Single women await reconstruction reliefNuchemaya Maharjan fears she will not be able to bear the winter inside a small cow shed she has been living in after the April 25 earthquake destroyed her house.
Nuchemaya Maharjan fears she will not be able to bear the winter inside a small cow shed she has been living in after the April 25 earthquake destroyed her house.
The 63-year-old survived the monsoon in the shed of her neighbour at Tarkeshowr, but fears she will not be able to get through the winter. She said she has asthma and her condition gets worst during winter. “The house was the only property I owned. Seeing it destroyed at an age where you can no longer work or save in order to rebuild it pains me a lot,” she said.
It has been six months after the 7.8 magnitude earthquake toppled thousands of houses, including Maharjan’s, but the government has not initiated the reconstruction works. Formation of the proposed National Reconstruction Authority is in limbo after the government failed to bring a replacement bill to renew its legal mandate. The bill is yet to be passed by the parliament.
The earthquake victims observed the Dashain festival in temporary shelters out in the open, and now they are bracing for chilling winter.
“It will take my son many years to save enough to rebuild the house. I was hoping some assistance would come from the government, but it has remained silent. The only thing we received from the government was Rs 15,000 as immediate relief cash,” Maharjan said.
According to Nirmala Dhungana, president of Women for Human Rights, Single Women Group, women, and single women in particular, have been hit hard following the disaster and are also likely to be left out during reconstruction due to an oppressive patriarchal system and laws which differentiate between women’s and men’s citizenship rights, leaving socio-economic status of women very poor.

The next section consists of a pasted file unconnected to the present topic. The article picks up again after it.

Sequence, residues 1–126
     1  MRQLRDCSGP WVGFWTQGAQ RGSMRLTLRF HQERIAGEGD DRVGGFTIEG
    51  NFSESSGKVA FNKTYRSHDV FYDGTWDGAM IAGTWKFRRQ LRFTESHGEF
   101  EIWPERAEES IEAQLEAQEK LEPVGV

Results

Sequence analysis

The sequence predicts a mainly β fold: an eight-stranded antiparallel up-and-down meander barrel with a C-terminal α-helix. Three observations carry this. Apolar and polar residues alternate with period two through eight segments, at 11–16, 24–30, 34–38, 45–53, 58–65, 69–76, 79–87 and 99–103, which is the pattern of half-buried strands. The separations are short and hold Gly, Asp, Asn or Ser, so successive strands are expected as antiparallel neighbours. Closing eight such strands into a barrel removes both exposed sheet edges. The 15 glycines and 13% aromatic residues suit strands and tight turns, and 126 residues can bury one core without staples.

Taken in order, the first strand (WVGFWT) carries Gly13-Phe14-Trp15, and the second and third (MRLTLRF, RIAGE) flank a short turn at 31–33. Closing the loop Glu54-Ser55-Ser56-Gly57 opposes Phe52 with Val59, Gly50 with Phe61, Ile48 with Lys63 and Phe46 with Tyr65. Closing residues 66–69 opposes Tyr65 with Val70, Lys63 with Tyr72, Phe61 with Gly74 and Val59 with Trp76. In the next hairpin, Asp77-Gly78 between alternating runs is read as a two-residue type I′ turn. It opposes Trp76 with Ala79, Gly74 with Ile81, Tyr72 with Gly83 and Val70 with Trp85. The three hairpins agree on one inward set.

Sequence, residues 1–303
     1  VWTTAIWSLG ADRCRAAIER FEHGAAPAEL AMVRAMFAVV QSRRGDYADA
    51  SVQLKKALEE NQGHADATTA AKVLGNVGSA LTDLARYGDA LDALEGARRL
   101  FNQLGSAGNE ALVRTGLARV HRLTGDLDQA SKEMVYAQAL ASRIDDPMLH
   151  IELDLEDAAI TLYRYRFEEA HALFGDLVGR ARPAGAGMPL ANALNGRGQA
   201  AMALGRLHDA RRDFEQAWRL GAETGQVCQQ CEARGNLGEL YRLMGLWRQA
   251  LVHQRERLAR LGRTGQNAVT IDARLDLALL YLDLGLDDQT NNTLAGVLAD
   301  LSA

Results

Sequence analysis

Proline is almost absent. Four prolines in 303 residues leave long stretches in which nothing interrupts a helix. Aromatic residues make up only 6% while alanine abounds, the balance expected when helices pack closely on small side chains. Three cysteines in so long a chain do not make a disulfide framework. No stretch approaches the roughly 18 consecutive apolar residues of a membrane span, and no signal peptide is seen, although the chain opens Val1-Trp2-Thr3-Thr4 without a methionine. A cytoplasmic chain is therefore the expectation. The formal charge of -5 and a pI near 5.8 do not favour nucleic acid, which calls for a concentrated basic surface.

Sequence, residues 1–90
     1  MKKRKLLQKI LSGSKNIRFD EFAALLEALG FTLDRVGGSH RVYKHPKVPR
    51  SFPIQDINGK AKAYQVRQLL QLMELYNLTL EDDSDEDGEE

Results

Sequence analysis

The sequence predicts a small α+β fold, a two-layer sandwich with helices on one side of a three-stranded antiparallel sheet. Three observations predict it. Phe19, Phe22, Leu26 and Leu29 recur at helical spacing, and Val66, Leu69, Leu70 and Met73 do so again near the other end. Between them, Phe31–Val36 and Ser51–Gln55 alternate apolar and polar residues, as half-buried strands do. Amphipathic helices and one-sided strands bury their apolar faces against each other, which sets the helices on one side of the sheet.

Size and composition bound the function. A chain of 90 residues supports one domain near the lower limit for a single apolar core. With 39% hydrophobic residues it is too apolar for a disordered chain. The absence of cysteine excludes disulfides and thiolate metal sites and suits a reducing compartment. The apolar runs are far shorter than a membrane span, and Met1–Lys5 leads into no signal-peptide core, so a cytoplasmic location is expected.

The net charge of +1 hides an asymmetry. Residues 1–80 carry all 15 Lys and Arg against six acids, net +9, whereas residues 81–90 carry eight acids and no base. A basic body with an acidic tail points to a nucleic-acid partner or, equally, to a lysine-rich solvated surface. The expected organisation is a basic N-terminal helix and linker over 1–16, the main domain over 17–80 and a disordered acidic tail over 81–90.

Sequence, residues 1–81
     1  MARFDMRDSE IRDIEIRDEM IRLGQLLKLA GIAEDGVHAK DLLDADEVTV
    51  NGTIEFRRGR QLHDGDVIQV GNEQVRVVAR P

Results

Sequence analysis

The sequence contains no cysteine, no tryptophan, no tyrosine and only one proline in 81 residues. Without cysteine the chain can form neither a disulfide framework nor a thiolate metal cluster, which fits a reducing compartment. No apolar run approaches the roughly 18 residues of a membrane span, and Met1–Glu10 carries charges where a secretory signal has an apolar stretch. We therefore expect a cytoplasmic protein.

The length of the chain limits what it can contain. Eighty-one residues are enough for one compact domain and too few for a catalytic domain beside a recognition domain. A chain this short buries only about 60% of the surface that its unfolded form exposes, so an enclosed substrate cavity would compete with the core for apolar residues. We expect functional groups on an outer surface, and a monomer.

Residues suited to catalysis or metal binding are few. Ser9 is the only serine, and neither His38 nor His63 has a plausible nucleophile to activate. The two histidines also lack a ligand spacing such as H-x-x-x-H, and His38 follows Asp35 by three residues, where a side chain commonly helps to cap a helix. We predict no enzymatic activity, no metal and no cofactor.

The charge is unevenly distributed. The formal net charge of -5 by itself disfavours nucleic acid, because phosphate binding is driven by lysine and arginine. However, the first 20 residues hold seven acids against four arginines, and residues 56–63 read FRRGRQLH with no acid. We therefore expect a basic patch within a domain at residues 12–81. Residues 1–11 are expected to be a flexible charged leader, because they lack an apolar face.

“Widows, divorcees, single mothers and women who have been abandoned by their husbands have been finding it difficult to reconstruct their houses. The government needs to bring out a special policy in order to make it easier for them to get access to services provided by the government,” Dhunganga said.
WHR, Single Women Group has demanded a special fund of Rs 50 million from the government to address the needs of single women.
According to the 2011 census, there are 498,606 single women in the country. It is estimated that around 2,000 women lost their husbands in the earthquake. As per the WHR, Single Women Group, single women are usually living in substandard housing units and with lower income. In Nepal, there are more than 50,000 directly-affected single women (widows) and female household heads.
Earlier, the government had come up with a plan to help single women by building them houses through community-based construction, and providing them options such as masonry and electrician training, so that they can build their own house and also earn income. However, the programme was never implemented.
Many of the government plans aimed at uplifting the condition of women never reach their target group.
For instance, 34-year-old Kabita Lawaju of Bhaktapur, who lost her husband and two children in the earthquake, could not receive the relief money as her in-laws abandoned her and refused to sign the relationship document.
“I wasn’t able to claim the relief money because my husband’s family did not agree to sign the document proving relationship with my husband whom I lost in the earthquake,” Lawaju said. “They even refused to let me live in their tent after the earthquake. I stayed with my sister for some weeks before taking shelter in my parents’ house.”
Lawaju’s tragedy did not end there. She went on to lose her job at a local savings and credit cooperative firm. Today, she is struggling to get her life together, carrying in her heart an unconscionable loss of her husband, their two children and a perfect family life.